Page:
(a) (b)

Figure 1. Cassava plant (a) and tubers (b).

3.2. Cassava Bread

In many developing countries, bread consumption is continually expanding and there is increasing dependence on imported wheat. Cassava flour can be used as a substitute for wheat flour in many products, like bread. During the 1980s and 1990s, research bodies such as International Institute for Tropical Agriculture (IITA), Center for International Cooperation in Agronomic Research for Development (CIRAD) and The International Center for Tropical Agriculture (CIAT) did extensive researches on the utilization of cassava flour as a partial substitute for wheat in bread (up to 10% - 15%). Bokanga [7] showed that it is possible to increase the level of the non- wheat flour considerably without too great a change in the bread characteristics, provided certain bread improvers such as calcium stearyl lactylate are added or a relatively high percentage of fat and sugar is used.

4. Cassava Starch in Textile Industries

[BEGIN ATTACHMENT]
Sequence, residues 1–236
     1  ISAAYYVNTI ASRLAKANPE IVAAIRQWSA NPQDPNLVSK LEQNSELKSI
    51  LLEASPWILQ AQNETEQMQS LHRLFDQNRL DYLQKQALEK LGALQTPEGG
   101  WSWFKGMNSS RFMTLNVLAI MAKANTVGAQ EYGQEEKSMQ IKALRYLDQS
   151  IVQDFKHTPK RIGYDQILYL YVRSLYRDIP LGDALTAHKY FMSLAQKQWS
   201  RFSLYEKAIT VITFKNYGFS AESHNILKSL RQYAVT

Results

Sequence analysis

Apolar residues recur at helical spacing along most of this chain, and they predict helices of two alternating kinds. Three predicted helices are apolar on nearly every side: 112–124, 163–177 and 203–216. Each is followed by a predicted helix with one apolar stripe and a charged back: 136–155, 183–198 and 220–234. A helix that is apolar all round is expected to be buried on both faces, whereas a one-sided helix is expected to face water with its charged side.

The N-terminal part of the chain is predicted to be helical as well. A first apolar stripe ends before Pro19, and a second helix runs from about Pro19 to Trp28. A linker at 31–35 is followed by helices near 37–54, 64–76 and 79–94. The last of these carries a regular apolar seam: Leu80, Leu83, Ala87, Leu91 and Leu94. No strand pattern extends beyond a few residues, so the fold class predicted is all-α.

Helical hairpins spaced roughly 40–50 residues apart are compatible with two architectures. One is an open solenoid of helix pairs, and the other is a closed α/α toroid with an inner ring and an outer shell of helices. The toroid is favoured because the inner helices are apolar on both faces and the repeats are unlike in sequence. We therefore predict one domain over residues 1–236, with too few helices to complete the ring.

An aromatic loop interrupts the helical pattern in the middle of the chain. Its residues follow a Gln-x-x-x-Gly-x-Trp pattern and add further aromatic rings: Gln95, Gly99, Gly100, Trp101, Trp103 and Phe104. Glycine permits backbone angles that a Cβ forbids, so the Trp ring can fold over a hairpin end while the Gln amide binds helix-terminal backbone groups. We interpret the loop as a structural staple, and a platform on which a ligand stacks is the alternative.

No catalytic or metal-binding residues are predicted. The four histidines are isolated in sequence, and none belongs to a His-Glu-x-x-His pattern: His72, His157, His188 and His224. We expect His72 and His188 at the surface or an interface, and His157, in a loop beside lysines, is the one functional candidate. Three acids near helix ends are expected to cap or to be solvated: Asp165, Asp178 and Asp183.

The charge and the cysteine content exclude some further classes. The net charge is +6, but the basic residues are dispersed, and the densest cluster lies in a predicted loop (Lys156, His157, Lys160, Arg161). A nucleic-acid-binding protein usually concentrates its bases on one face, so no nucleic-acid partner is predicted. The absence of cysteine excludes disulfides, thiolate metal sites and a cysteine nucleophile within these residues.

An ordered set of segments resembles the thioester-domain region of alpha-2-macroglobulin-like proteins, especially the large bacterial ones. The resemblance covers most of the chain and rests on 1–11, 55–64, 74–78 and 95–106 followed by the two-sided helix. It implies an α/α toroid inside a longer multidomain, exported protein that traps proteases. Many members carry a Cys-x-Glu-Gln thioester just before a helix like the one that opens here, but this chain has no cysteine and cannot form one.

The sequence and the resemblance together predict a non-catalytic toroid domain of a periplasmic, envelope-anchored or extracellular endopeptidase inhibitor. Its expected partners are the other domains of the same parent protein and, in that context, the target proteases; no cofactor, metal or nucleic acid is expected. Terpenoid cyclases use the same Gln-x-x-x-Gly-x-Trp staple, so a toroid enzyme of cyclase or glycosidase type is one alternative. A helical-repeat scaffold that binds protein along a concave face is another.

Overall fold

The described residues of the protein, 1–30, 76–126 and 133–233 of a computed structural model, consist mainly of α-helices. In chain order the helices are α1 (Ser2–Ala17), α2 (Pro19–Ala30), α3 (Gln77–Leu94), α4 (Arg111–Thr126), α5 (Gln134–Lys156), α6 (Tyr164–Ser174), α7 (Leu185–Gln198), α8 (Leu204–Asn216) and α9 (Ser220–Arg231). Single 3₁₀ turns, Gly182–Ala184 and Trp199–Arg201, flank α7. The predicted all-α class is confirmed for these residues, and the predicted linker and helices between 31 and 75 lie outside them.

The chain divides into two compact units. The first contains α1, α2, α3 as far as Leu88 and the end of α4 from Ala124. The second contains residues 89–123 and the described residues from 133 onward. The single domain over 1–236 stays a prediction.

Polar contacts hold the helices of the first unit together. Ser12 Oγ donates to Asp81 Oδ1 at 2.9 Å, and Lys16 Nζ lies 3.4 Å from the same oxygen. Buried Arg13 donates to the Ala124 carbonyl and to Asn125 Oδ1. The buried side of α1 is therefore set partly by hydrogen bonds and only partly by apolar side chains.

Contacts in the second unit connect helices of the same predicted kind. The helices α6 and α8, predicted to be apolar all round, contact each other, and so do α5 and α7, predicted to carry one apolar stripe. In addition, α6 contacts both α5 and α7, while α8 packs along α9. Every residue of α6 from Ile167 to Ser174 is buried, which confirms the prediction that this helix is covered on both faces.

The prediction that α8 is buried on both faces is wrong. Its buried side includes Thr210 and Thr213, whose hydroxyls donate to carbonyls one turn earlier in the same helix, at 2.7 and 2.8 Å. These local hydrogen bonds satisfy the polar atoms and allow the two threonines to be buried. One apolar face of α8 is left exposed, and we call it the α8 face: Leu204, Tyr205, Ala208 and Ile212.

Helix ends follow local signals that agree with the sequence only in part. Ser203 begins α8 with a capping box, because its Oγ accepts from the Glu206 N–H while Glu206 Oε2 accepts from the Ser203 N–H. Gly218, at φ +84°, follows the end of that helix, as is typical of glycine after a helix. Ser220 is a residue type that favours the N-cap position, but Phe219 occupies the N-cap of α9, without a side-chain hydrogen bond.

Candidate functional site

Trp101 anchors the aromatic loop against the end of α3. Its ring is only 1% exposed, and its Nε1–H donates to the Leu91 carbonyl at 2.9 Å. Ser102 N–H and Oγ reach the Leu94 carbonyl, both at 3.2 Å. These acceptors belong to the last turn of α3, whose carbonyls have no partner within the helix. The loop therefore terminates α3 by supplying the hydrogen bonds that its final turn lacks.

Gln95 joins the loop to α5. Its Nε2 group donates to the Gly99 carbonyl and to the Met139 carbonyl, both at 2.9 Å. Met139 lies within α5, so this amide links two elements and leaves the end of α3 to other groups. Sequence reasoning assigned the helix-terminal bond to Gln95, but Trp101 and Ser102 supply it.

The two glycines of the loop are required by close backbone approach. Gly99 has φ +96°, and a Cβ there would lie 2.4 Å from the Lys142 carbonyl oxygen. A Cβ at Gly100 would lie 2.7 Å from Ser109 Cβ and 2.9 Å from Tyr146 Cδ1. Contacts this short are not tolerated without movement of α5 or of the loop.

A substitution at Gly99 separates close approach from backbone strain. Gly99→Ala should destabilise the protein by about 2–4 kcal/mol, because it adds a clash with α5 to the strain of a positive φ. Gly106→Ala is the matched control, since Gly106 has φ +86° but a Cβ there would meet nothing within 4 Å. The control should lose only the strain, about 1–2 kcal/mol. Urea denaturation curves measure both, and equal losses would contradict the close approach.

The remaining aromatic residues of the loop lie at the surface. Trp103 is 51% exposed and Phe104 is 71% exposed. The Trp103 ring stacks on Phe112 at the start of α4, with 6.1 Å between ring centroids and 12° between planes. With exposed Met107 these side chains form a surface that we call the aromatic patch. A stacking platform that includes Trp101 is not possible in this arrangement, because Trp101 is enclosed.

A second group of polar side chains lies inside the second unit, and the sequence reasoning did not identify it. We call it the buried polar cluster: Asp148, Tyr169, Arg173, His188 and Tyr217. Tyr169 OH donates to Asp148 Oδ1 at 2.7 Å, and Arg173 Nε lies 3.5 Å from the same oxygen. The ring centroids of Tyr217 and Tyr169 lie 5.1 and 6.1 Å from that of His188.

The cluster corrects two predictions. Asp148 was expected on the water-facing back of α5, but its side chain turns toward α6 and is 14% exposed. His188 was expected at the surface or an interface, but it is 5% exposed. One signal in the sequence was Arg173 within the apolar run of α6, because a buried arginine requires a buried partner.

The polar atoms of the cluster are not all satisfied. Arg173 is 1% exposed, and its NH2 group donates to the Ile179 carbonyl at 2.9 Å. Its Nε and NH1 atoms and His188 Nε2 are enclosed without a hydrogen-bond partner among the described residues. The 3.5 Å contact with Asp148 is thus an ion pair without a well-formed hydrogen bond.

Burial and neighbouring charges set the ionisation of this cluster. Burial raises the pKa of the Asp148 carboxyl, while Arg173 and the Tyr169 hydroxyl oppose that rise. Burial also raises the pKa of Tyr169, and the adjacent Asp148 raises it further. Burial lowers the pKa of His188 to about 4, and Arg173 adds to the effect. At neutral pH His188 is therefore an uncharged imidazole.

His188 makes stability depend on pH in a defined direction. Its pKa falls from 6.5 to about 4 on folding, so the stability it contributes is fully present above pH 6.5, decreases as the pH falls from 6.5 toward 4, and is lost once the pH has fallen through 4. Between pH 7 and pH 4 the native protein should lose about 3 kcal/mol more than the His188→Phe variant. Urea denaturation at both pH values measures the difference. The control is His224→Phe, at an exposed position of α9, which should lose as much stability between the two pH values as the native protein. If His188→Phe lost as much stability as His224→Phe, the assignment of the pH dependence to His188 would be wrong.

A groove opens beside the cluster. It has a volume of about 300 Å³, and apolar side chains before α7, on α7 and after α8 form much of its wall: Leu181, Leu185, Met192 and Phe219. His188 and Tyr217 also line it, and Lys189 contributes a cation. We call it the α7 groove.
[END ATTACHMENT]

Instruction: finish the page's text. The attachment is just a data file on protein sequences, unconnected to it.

In the textile industries, modified starch (oxidized starch) is utilized in sizing and dyeing that make the finished fabrics look brighter, harder and with increased weight. Cassava starch is usually a preferred choice to other starches for sizing coarse yarn (wool) [8] . Textile printing or the impression of a design on fabrics requires a carrier for the dyes and pigments and modified cassava starch has found special use in these applications. Small quantity of cassava starch is also used as thickening agents in printing inks and for application of glossy finishes [8] . Cassava starch sticks in low temperature, which reduces the amount of energy used up. Compared to maize, it is totally sticky when boiled. Its size provides a clearer finish, makes yarn to be more pliable on the loom and produces qualities that last long. In Africa, particularly Ghana and Nigeria, many textile mills use homemade cassava flour to stiffen fabrics. Cassava flour , which is normally used in the production of lower quality fabrics such as those used for making uniforms and overalls, is selected on the basis of cheapness and availability [9] . Cassava starch is used to make bed sheets and table clothes to give them better quality, maintain their firmness and for their completion. Modern laundries regularly use soluble starch, wrapped with an appropriate propellant in air spray container for applying starch to clothes during steam ironing. Industries now use cassava starch because it has no issue in terms of quantity, quality and timely supply